Computer based Architecture:
Celestino Soddu created a set of conditions where a random computer process could be set in motion to create a model of an Italian Medieval town.

Top Down approach
Galanter
The top down approach is more philosophical
Art: Unclear set theory, which is often recognized as a social and historical notion that changes over time.
Generative: subset of art, a subset where potentially multiple results can be produced by using some kind of generating system.
Phillip Galanter defines generative art as any art practice where the artist uses a system, which is set into motion with some degree of autonomy
Art classified toward the order end of the spectrum possess a clear structure for example symmetry and tiling
Tiling patterns and textile patterns based on symmetry and algorithm
some may say that ordered generative art is unsophisticated
Art classified toward the disorder end do not have any structure at both local and global levels for example randomness
An example would be Mozart and his dice throw musical compositions
Order Vs Disorder
Algorithm Art
The dictionary defines “algorithm” as: “A process, or set of rules, usually one expressed in algebraic notation, now used esp. in computing, machine translation and linguistics.”
The algorithm should precise and concise, keeping the process or code in computer case clean and specified
Algorithmic art is produced by an algorithm that is the artists own, and when that is carried out, the result is a piece of artwork
San Base- Dynamic Painting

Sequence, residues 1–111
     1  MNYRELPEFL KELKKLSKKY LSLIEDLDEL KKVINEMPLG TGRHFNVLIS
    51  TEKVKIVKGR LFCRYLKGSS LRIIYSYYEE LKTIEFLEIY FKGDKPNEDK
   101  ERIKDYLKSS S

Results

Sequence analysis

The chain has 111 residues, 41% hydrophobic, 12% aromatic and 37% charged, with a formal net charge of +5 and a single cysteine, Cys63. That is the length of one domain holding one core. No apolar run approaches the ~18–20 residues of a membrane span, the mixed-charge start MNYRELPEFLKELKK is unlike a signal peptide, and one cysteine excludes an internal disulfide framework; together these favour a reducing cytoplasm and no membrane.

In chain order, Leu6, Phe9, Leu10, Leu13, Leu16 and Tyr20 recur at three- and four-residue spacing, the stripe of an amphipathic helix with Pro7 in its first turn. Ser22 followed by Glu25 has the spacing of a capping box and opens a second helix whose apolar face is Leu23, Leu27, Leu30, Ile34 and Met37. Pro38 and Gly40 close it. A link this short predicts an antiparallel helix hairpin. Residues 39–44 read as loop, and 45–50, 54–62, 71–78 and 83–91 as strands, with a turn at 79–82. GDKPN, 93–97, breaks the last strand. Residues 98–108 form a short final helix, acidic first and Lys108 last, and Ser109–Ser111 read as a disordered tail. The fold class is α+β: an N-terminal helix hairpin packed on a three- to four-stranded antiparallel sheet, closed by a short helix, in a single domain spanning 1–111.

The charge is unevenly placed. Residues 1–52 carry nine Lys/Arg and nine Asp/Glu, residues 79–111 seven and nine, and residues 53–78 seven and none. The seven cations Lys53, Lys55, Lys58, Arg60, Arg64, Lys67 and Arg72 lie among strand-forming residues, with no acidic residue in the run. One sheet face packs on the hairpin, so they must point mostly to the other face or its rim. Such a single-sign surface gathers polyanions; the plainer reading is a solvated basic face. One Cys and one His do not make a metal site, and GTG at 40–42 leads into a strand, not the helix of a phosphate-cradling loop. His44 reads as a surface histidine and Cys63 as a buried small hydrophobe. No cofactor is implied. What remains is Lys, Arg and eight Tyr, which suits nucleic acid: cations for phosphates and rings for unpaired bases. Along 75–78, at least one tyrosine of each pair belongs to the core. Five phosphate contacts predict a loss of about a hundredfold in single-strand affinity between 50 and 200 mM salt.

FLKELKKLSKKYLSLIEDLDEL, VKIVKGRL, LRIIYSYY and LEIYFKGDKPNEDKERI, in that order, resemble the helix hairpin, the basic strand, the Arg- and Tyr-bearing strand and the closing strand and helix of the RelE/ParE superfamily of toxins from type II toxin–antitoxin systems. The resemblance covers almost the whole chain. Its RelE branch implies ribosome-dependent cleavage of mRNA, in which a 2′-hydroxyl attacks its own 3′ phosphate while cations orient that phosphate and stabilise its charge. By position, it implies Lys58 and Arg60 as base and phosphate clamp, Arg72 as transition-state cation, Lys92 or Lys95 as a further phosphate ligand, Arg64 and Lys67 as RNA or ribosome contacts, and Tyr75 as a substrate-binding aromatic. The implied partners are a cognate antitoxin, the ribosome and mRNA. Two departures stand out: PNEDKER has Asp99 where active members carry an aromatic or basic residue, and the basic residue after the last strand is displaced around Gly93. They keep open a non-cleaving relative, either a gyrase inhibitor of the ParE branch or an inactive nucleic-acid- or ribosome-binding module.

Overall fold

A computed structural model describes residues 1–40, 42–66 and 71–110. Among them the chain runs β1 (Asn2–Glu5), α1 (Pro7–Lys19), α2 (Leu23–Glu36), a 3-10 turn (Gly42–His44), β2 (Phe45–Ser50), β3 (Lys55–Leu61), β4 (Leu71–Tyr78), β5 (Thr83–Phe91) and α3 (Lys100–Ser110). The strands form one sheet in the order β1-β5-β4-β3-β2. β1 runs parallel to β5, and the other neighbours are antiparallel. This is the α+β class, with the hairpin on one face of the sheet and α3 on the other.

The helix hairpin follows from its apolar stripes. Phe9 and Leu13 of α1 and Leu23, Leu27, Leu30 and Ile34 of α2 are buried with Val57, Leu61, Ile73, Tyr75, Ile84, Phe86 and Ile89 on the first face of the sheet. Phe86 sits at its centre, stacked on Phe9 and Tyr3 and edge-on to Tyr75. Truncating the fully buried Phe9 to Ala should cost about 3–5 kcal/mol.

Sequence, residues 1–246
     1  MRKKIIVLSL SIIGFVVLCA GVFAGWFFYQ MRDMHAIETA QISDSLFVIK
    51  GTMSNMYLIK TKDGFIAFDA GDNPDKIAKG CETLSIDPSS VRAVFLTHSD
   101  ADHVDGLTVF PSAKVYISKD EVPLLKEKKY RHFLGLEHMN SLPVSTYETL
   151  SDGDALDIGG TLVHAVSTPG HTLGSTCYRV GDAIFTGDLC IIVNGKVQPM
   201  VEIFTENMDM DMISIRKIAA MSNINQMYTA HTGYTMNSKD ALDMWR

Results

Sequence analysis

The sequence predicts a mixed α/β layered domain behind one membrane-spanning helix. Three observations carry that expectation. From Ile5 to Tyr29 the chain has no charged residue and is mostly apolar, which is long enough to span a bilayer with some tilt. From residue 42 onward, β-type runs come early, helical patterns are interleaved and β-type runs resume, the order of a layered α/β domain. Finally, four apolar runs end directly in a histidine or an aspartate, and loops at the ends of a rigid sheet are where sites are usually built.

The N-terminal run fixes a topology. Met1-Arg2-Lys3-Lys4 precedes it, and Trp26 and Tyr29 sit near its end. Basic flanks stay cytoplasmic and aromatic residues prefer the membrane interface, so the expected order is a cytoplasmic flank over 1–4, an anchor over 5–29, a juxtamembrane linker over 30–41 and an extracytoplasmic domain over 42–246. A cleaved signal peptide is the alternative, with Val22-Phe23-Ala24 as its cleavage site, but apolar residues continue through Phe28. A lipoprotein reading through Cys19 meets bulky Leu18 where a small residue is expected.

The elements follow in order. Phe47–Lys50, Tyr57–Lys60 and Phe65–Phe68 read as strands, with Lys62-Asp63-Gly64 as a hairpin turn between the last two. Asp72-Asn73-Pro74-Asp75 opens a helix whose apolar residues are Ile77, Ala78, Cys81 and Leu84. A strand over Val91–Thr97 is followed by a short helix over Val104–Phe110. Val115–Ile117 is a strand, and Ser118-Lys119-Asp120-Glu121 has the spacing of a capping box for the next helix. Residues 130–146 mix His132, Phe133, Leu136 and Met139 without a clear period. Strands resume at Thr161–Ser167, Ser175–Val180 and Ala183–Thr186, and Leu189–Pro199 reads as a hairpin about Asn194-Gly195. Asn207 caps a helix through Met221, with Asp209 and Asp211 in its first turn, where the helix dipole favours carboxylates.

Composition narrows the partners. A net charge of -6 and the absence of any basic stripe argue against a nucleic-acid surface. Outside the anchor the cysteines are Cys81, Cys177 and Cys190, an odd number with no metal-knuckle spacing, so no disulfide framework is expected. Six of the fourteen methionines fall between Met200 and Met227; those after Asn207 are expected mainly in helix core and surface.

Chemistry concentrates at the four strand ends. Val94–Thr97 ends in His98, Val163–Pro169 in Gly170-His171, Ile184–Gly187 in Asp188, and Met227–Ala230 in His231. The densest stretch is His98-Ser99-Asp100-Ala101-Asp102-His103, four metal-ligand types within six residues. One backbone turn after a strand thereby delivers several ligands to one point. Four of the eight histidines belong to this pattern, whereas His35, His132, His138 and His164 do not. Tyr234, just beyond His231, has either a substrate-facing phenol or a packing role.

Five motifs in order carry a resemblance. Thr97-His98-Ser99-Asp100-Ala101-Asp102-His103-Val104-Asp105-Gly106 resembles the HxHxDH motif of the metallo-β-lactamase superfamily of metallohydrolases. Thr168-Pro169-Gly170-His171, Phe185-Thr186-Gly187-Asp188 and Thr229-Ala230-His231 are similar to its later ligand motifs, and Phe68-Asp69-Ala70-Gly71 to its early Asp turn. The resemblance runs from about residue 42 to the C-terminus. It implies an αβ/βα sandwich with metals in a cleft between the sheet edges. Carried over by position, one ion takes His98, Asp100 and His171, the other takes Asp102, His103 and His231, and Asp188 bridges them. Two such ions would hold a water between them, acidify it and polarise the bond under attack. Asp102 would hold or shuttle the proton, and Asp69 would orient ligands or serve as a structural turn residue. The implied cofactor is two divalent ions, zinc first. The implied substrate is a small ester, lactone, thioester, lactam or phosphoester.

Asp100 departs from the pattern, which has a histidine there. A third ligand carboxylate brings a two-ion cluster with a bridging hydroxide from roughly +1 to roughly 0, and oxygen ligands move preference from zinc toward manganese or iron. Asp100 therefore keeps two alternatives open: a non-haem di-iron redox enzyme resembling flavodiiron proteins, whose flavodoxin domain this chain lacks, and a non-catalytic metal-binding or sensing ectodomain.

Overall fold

An example of a non computer generated algorithm is a recipe

Ordered and Disordered
Ordered: Chaotic
Nothing less than abstract systems to decorate
Some may say that highly ordered generative art is unsophisticated because it is highly ordered and simple
Cause and effect
Tiling Example

Disordered: Random
The elements of the art piece are the way that they are due to chance methods
There is no specific reason behind the work besides not knowing what will occur and what the final result will be
All outcomes are possible
Mozart Example
Sources
Romero, Juan. “The Art of Artificial Evolution: A Handbook on Evolutionary Art and Music.” Google Books. N.p., n.d. Web. 20 Nov. 2013. <http://books.google.ca/books?id=ypdCBD6JrAsC&gt;.

Monro, Gordon. “THE CONCEPT OF EMERGENCE IN GENERATIVE ART.” Google Books. Sydney Conservatorium of Music, n.d. Web. 20 Nov. 2013. <http://www.gommog.com/archive/docs/MMus_Essay.pdf&gt;.

Galanter, Philip. “What Is Generative Art? Complexity Theory as a Context for Art Theory.” Google Books. Interactive Telecommunications Program, New York University,, n.d. Web. 20 Nov. 2013. <http://books.google.ca/books?id=ypdCBD6JrAsC&gt;.

“Losing Control: Generative Art and the Art of Letting Go.” The Creators Project. N.p., n.d. Web. 20 Nov. 2013. <http://thecreatorsproject.vice.com/blog/losing-control-generative-art-and-the-art-of-letting-go&gt;.